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Common Mistakes we see when implementing an EA Tool

There are a number of common mistakes that we see repeatedly when we talk to prospects or new clients about their EA Tool use. If you want to be successful with your EA tool, here are a few pointers:

  1. Don’t try to do too much at once
    Obviously, it’s exciting having a shiny new tool that can provide lots of benefits, however, it’s really important to get the basics right and complete each delivery, or value drop, before moving onto the next.  This also includes making sure the data maintenance processes are in place and working, as well as delivering the views and insights.  It sounds dull, but if you don’t do this you will find that data becomes stale, and people will lose trust before you’ve got too far.  One of my colleagues describes Essential, and many EA Tools, as like a palace – there’s lots of rooms, but you wouldn’t start decorating them all at the same time – you’d finish one before you move onto the next.  Think of your EA Tool as your palace and your initiatives as rooms, pick an initiative, e.g. application rationalisation, vendor risk, etc and finish that first, then do the next one, ideally leveraging the work on the previous initiative(s).
  2. Don’t just capture data because you have it
    When you start out it’s tempting to try to import all the data that is lying around in spreadsheets and other sources into the repository and hope for some insight. We would strongly recommend against this as you end up with lots of disjointed data, often partially populated.  Once data is in the tool you must keep it updated – if it is not being used and providing someone with benefit then no one will update it, your data becomes stale and people will lose trust – once people lose trust then you’ve failed!  We suggest starting by identifying the views and visualisations you need to answer the problem/help with the analysis, understand the data needed to populate these views, identify the person/roles/team that will maintain that data, capture the data, deliver the views, then move on.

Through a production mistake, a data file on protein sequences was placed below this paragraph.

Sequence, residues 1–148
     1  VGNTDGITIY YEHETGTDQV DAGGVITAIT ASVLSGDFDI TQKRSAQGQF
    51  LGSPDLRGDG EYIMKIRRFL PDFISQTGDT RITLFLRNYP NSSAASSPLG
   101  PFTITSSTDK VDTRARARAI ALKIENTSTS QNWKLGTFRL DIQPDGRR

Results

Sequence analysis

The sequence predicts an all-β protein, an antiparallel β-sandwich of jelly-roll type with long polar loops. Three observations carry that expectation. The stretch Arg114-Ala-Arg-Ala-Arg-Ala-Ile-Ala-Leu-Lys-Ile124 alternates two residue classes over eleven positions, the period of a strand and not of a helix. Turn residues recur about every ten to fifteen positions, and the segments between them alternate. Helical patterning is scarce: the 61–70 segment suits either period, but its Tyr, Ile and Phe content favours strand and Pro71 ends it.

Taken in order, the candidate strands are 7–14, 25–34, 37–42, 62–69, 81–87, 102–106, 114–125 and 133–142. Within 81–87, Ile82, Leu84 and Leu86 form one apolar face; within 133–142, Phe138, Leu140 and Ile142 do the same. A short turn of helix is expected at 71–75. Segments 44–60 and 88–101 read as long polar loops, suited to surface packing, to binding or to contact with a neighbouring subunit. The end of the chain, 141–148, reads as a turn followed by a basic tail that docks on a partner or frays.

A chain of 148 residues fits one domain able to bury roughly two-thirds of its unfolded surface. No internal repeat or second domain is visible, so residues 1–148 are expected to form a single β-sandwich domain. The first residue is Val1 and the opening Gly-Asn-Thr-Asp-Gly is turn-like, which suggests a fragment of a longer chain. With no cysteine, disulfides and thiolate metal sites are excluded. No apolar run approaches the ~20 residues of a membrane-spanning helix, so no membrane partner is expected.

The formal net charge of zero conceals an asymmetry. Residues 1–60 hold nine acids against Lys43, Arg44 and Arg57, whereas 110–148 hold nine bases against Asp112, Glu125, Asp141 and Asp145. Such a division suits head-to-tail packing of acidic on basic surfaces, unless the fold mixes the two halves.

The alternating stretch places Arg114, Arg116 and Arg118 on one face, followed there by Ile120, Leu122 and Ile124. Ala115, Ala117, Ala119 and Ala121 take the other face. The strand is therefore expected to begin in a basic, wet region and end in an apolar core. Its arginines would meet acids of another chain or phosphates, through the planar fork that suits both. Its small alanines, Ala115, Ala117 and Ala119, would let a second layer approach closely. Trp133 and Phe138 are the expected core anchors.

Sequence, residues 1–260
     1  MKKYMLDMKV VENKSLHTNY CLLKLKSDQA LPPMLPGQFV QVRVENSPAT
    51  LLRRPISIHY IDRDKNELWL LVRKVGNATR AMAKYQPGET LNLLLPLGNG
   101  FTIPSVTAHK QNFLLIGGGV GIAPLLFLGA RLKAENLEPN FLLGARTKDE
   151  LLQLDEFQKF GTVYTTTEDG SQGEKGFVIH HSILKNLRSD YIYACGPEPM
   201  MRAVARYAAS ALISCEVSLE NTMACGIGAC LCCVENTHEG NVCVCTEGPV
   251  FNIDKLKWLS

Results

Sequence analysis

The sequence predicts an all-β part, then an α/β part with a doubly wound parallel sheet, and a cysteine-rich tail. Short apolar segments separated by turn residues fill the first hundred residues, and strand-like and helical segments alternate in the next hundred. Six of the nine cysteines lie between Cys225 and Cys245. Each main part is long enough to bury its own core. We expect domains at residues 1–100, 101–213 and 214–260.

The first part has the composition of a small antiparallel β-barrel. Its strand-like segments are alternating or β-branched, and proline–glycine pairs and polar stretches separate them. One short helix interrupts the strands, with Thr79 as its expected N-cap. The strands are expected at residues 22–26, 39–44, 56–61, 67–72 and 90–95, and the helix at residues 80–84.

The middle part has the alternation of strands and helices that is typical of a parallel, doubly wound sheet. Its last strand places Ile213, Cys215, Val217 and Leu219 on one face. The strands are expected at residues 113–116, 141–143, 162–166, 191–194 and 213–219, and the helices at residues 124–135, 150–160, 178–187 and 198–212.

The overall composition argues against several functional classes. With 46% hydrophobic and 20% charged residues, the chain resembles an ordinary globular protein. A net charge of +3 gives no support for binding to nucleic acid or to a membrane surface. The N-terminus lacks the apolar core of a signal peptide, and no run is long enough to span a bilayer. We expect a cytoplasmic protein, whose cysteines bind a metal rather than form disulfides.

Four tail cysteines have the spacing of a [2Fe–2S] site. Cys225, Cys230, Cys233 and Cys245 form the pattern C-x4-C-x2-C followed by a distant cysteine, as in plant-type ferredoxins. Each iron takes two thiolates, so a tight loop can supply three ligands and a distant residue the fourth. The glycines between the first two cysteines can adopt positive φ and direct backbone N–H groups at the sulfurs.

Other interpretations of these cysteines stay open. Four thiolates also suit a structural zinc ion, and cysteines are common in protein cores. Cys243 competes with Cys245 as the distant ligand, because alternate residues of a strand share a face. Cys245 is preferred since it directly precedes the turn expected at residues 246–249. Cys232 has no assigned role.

3. Do create an EA roadmap for the EA team
    As your enterprise architecture efforts deliver value and become more prominent you will get lots of requests from across the organisation for support. It’s important to have a roadmap in place to manage the expectations of your stakeholders with regards to when you can start to understand their requirements and meet their needs.  It will also help with your prioritisation process.
  4. Don’t worry too much about Frameworks
    Especially when you are starting out. It’s more important to deliver value than to complete part of a framework but provide no discernible benefits to your stakeholders.  Frameworks are useful, but cherry pick the elements that are useful at the point in time.
  5. Don’t worry if business users are not beating your door down
    Business engagement is often hard to get, and we find it’s better to focus on delivering value to your key stakeholder initially – this could well be within IT. As you get more data and deliver value it will be easier to engage the business.  We have an upcoming blog on that so keep an eye out for that.
  6. Do communicate your success
    Make sure your stakeholders are aware of what you have achieved and any views or dashboards that can provide value to them. Even a simple application catalogue is useful if a consolidated one isn’t currently available.

There’s lots more information on how to be successful with Essential, or any EA Tool to be honest, on our University site in the How to be Successful with Essential section.


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